I had read in the San Diego Reader (a couple of years ago) that while developing an area at UCSD they came upon some native bones, an archeologist involved with the Kennewick Man said the remains resembled a Polynesian (which from what I understand is also a school of thought with the Kennewick Mans origin), this is all off the top of my head right now and I never read anything about it again, so this could be known to be BS or completely accurate by now?
People were probably traveling all over the place back in the old days.

Sorry about the link issue I have no idea how in enable that,

Bosko


 
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Limbo Lizard
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Joined: Aug 24, 2006
Posts: 780
From: Aboard the 'Leaky Tiki', Dallas
Posted: 2014-09-01 7:58 pm   Permalink

"The dimensions of Kennewick Man’s skull most closely match those of Polynesians, specifically the inhabitants of the Chatham Islands, near New Zealand, the scientists say."
Scientists: Mysterious Kennewick Man looked Polynesian and came from far away
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tikitube
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Joined: Apr 25, 2017
Posts: 273
From: Ozark Underwater Cliffs
Posted: 2018-02-05 1:02 pm   Permalink

Quote:

On 2011-09-27 12:00, Limbo Lizard wrote:
The real "Kon-Tiki myth" is that Heyerdahl thought (those we call) the Polynesians came from South America. That is an oversimplified 'strawman' version of his theories. Read American Indians in the Pacific, for more detail and background.
As best I remember: Heyerdahl thought the Polynesians encountered by Europeans were descended primarily from Asians, who traveled the coast north, across into Alaska and down to the Pacific Northwest. From there, some migrated to Hawaii, and from there, to the rest of Polynesia.
They found some of the islands already somewhat populated... by descendants of the people who rafted from South America, bringing certain foods (e.g., sweet potato), and a penchant for monolithic stone carving. The Polynesians conquered them, assimilated some of the people and culture, and wiped out the rest.
Heyerdahl also encountered traditions and stories that many islands had an aboriginal people there, before the South Americans or Polynesians arrived. They were described as darker-skinned, of small stature and negroid-like features. These people the Hawaiians called the "Menehune"; the Maori and Rarotongans, the "Manahune".
Heyerdahl gave serious consideration to the chants, stories and traditions that had been passed down for scores of generations, and used them to help interpret archeological findings, in some cases.
Anyway, I can't remember nearly enough to do justice to Heyerdahl. He collected and studied an abundance of inter-disciplinary material, to form and bolster his theories (that book was over 800 pages). I'm also not saying Heyerdahl was correct. But I've noticed for decades that most experts who dismiss his "crank theory", or declare it's disproved, are not evaluating his actual theory at all.

[ This Message was edited by: Limbo Lizard 2011-09-27 12:24 ]



I feel the need to resurrect this thread since I just finished reading Robert Suggs book "The Hidden Worlds of Polynesia". Not only does he create a straw man by stating that Heyerdahl believes that "all Polynesians" are originally from South America (which is not even close to what Heyerdahl suggested), but Suggs also treats Heyerdahl with ridicule and contempt.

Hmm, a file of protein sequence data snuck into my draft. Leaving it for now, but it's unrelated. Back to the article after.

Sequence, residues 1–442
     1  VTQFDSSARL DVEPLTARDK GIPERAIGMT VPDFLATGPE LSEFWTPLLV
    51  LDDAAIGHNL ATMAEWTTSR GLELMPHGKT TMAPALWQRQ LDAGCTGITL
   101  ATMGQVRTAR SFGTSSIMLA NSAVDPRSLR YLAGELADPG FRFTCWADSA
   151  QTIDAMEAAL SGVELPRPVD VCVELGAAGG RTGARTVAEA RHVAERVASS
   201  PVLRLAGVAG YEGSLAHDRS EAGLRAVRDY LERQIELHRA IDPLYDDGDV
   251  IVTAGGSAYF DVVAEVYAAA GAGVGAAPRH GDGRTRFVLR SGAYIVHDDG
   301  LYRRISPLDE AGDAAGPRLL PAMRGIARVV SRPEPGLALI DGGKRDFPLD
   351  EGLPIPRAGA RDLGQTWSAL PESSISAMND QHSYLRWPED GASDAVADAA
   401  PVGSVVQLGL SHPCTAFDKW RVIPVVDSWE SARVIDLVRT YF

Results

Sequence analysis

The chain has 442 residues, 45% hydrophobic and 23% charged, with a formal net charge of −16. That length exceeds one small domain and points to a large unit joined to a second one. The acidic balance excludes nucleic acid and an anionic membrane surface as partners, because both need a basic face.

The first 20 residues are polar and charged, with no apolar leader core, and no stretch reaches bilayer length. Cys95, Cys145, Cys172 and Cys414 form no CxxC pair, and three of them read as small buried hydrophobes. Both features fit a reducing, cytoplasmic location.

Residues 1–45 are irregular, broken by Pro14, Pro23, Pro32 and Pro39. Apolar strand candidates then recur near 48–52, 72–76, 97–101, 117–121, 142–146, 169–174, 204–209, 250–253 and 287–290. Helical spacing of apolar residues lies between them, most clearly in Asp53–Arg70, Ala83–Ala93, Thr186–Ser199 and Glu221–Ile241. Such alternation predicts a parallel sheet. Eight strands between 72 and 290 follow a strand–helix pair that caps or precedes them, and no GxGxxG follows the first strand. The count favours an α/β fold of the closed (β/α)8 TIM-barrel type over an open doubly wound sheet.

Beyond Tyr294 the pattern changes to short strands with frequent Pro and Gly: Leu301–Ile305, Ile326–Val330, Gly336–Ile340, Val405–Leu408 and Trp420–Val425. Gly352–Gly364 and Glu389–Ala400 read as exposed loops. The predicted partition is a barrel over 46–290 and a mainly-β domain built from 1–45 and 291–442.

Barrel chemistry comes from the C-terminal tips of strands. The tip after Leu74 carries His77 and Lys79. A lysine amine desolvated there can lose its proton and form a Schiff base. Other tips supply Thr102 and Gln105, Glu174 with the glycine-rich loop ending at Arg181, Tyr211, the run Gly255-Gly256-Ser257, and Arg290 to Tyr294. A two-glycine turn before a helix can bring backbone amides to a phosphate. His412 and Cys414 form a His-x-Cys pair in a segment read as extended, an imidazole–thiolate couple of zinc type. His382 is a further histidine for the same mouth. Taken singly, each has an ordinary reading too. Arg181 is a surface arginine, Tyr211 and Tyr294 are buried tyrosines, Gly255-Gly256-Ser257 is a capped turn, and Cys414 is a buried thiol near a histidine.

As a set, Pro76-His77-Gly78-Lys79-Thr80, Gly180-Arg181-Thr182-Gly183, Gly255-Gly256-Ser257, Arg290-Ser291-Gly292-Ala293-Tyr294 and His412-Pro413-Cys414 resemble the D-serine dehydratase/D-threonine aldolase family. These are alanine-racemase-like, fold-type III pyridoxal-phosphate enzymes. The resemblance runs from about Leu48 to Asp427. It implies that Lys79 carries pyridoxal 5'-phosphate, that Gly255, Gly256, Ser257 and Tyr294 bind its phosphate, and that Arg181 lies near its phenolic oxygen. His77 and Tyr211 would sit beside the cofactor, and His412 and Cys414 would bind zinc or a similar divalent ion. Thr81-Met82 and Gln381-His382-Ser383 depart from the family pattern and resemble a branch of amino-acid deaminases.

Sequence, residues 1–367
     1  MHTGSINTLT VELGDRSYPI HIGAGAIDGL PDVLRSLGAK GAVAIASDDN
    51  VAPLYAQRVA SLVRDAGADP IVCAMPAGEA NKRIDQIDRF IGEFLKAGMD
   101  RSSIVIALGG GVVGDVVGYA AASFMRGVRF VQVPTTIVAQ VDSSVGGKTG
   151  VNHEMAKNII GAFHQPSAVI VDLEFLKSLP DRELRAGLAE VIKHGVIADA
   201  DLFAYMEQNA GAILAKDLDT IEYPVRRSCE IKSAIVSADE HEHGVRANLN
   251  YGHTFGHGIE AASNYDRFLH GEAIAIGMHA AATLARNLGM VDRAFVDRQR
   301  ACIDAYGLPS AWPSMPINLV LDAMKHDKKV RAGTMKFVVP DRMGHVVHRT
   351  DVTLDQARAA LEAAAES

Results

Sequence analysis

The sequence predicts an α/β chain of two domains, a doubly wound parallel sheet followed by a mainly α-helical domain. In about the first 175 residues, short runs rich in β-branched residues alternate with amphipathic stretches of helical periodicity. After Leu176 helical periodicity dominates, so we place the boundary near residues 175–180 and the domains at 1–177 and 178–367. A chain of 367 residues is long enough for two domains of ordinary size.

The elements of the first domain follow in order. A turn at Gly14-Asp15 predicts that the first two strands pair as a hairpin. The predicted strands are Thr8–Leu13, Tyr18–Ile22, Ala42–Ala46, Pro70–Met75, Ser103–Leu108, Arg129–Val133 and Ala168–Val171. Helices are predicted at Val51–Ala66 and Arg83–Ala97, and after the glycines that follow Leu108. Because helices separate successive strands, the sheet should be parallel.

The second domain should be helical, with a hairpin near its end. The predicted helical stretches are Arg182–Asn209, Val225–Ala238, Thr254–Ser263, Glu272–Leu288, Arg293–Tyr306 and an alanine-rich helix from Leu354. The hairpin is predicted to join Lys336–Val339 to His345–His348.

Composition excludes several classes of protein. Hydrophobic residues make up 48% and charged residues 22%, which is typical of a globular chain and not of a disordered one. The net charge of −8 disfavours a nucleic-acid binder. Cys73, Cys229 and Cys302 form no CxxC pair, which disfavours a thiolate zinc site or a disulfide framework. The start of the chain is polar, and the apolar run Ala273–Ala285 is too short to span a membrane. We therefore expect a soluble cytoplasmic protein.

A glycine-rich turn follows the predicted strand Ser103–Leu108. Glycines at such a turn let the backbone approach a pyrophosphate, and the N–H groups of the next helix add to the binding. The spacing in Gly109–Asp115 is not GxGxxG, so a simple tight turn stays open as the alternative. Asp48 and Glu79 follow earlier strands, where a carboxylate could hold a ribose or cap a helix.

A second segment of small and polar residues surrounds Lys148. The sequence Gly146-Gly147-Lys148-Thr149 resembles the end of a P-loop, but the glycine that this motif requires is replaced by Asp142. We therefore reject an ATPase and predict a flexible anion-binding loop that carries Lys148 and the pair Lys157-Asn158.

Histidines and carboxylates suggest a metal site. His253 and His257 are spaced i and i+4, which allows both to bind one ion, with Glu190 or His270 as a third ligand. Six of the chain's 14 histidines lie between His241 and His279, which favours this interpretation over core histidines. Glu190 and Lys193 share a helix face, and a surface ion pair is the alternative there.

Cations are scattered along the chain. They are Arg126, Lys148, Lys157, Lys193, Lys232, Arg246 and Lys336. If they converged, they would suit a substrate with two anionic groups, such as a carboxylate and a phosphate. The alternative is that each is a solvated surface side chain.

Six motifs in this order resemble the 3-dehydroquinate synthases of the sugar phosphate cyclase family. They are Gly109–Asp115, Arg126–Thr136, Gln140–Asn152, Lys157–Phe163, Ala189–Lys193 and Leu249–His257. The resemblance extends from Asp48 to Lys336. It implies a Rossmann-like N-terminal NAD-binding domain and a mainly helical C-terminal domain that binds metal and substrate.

It's really quite sickening to read a book that was written in a very professional and factual tone, and then to run across Suggs' little irrational tantrum about Heyerdahl near the end. What a creep!

Granted, Heyerdahl did take advantage of the natives at times by using their superstitions against them, to procure items for his museum. But I don't recall him underhandedly demeaning his peers that don't agree with him.


 
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EnchantedTikiGoth
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Joined: Dec 31, 2003
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From: Calgary, Canada
Posted: 2018-02-05 4:02 pm   Permalink

Quote:

On 2018-02-05 13:02, tikitube wrote:
I feel the need to resurrect this thread since I just finished reading Robert Suggs book "The Hidden Worlds of Polynesia". Not only does he create a straw man by stating that Heyerdahl believes that "all Polynesians" are originally from South America (which is not even close to what Heyerdahl suggested), but Suggs also treats Heyerdahl with ridicule and contempt.

It's really quite sickening to read a book that was written in a very professional and factual tone, and then to run across Suggs' little irrational tantrum about Heyerdahl near the end. What a creep!



I can't speak for Suggs himself, but usually what happens in these sorts of cases is that the actual researchers in a field resent the pseudo-scientists who have set the narrative in pop-culture. They want to be talking about all the cool research they've been doing, but they find they always have to be addressing the same questions over and over again, which have been roundly debunked over and over again.

Just by way of example, the other day a friend of mine posted this video to Facebook going on about how "nobody really knows how the pyramids were built, therefore, all my crazy-ass pseudo-scientific beliefs about cosmo-harmonic resonances are true!" So I posted a good scholarly article about how the pyramids were built in reply. I'm a professional educator specializing in earth sciences, and as much as I love Jurassic Park, sometimes I get a little tired having to address the misconceptions those movies have created.

[ This Message was edited by: EnchantedTikiGoth 2018-02-05 16:03 ]